One neat feature to encourage you to perform jobs and to socialise with residents is the Town Link Rank. Whenever you perform actions such as completing part-time jobs in that town, participating in festivals, purchasing products in that town, and shipping your crops to that town, your Town Link Rank level will increase. Think of it as your EXP for that town.
When you have gained enough ‘EXP’ the link rank will become locked and you will have to perform specific jobs. These may start off by simply completing more part-time jobs and shipping crops to the town, but these may become more difficult. For example, one of the jobs is to collect more lumber to fix the Westown bridge. Once you complete these jobs, your rank will officially increase, which unlocks tons of new items to purchase in the shops.
If you get a bit lonely in your eFarm, why not socialise with some of the local residents? The more you speak to residents and bear them with gifts, the better friends you will all be, isn’t that nice? Who knows, maybe you will end up finding true love and get married (in the game). Don’t worry about me though, I’m just still a bit salty that there is no true same-sex marriage…yet.
Speaking of getting lonely, you can also make friendly with the local goddess, Dessie, who will offer to take you to an uninhabited island with up to three other friends to chill out with. Go fishing together, swap items, or even have a little chat… assuming you don’t have devious intentions while using it of course!
The way that features unlock is pretty nice, they tend to unlock every few game days, meaning that when you start getting bored of what’s on offer, something new with pop up. The only annoying thing about it is the fact that there are several unnecessarily long tutorials on things which are pretty self explanatory. It would be much better off if there was an option to skip these and just be able to refer back to your bookshelf if you need help.
Trio of Towns a pretty relaxing game to play. There aren’t really any underlying pressures, similar to Anima Crossing, so you can pretty much do anything you want in your own time. You do not get penalised for forgetting to complete jobs, other than a little telling off, and there’s nothing which can negatively affect your relationships or Town Link Rank. Some of the jobs may sound a bit repetitive, but as you make progress and do a bunch of different things every game day, this is barely noticeable, and can be quite therapeutic.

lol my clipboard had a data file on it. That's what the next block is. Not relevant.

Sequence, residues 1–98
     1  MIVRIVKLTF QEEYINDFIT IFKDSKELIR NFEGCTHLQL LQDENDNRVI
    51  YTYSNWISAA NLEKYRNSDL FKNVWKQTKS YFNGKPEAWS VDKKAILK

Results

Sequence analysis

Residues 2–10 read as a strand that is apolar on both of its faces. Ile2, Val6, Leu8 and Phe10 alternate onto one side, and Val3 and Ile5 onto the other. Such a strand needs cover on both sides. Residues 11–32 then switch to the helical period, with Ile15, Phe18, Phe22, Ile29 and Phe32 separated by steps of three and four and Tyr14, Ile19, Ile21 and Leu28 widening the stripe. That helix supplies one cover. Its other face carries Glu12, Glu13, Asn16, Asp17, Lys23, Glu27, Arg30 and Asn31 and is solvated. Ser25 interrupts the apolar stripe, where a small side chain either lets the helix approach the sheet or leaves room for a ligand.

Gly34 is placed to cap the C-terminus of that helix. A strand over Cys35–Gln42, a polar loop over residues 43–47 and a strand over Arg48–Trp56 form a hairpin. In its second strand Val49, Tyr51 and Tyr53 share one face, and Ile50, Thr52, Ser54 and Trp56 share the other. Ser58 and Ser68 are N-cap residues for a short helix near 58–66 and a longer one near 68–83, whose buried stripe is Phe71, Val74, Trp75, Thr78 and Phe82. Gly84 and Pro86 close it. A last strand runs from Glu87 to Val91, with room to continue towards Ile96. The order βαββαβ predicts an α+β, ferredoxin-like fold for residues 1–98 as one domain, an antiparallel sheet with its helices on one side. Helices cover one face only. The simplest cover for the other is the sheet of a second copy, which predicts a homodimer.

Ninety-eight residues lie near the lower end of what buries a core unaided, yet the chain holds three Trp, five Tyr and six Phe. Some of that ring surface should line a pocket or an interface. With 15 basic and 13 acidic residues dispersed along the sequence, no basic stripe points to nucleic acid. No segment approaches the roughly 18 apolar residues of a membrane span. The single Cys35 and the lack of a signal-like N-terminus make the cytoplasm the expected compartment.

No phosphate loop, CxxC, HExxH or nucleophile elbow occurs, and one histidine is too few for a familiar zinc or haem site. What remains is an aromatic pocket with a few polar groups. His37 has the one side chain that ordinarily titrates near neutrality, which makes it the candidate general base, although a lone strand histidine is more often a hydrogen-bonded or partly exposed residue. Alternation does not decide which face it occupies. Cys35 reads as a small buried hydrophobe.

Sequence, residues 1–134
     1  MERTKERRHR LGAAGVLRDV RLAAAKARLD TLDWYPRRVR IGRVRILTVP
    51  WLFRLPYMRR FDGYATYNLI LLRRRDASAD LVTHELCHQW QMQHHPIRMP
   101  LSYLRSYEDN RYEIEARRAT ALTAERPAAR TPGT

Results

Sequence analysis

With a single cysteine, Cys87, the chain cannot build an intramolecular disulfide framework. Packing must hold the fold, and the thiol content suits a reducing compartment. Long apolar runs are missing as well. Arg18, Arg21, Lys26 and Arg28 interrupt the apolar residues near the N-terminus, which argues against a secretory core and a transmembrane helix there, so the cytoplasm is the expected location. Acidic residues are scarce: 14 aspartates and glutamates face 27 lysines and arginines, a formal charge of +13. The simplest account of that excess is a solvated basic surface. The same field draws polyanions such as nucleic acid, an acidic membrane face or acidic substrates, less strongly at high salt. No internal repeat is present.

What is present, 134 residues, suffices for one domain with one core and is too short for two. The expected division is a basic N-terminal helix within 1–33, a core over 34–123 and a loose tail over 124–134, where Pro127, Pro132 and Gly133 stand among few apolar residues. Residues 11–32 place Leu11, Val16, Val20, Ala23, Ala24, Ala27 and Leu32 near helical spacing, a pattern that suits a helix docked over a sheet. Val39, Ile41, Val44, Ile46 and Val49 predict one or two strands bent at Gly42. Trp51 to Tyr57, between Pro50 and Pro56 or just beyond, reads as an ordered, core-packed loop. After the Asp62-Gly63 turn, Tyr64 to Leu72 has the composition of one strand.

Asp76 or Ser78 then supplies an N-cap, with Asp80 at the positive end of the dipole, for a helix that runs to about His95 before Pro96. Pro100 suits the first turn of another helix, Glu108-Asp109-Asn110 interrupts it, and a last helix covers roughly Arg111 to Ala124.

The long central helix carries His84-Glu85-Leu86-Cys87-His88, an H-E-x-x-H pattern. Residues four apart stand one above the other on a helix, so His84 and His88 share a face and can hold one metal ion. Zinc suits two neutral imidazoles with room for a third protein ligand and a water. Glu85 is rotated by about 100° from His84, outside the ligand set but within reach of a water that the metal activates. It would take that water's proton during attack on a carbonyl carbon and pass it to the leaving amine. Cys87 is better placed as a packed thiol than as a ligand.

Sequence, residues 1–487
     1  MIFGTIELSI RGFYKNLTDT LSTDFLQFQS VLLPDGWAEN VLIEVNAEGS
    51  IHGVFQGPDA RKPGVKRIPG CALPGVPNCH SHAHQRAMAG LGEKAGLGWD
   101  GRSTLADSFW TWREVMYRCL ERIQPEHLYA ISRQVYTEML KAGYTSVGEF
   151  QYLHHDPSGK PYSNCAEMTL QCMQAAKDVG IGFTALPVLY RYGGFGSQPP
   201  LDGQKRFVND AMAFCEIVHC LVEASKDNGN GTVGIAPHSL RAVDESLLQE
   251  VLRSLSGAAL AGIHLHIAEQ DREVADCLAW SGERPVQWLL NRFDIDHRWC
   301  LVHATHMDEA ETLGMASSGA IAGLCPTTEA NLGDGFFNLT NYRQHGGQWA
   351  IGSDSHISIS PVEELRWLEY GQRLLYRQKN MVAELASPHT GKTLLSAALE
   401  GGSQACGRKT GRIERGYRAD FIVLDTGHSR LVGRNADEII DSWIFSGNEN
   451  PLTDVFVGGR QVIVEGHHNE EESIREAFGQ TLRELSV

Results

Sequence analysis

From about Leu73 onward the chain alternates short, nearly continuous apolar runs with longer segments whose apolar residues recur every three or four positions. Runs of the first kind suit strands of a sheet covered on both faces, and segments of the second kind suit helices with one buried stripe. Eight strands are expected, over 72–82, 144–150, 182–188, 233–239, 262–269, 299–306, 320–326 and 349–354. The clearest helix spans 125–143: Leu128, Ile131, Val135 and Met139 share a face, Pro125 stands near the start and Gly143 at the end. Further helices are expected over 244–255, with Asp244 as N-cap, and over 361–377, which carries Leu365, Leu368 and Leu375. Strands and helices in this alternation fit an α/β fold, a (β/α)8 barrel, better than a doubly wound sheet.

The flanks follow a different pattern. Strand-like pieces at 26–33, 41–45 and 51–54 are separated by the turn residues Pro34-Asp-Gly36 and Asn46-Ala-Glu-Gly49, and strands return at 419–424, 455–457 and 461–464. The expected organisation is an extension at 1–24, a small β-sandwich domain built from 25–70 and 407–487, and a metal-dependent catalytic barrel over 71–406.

The visuals on the game are quite nice too. The chibi art style really fits in well with the game, and the 3D effect just make it pop out a bit more. It’s nothing breathtaking, but it’s still a pleasure for the eyes, aside from the odd stutter or two of the frame rate.
Overall, Story of Seasons: Trio of Towns is a really cute and relaxing farming simulator. There is enough variety of things to do to stop it from becoming boring and repetitive too quickly. There are also some neat features in place to motivate you to do a range of things rather than to just stick with one thing. My only downside is the fact that there are some unnecessarily long tutorials which cannot be skipped which may make it difficult for some players to want to actually play the game. Additionally, there’s no same-sex marriage (though this hasn’t changed my verdict of the title)
If you are looking for a relaxing farming sim with lots of variety, or are a fan of previous Harvest Moon/Story of Seasons games, then I’d fully recommend Story of Seasons: Trio of Towns.
Final Rating – 4 out of 5
Story of Seasons: Trio of Towns is out now, exclusively for Nintendo 3DS Family Systems!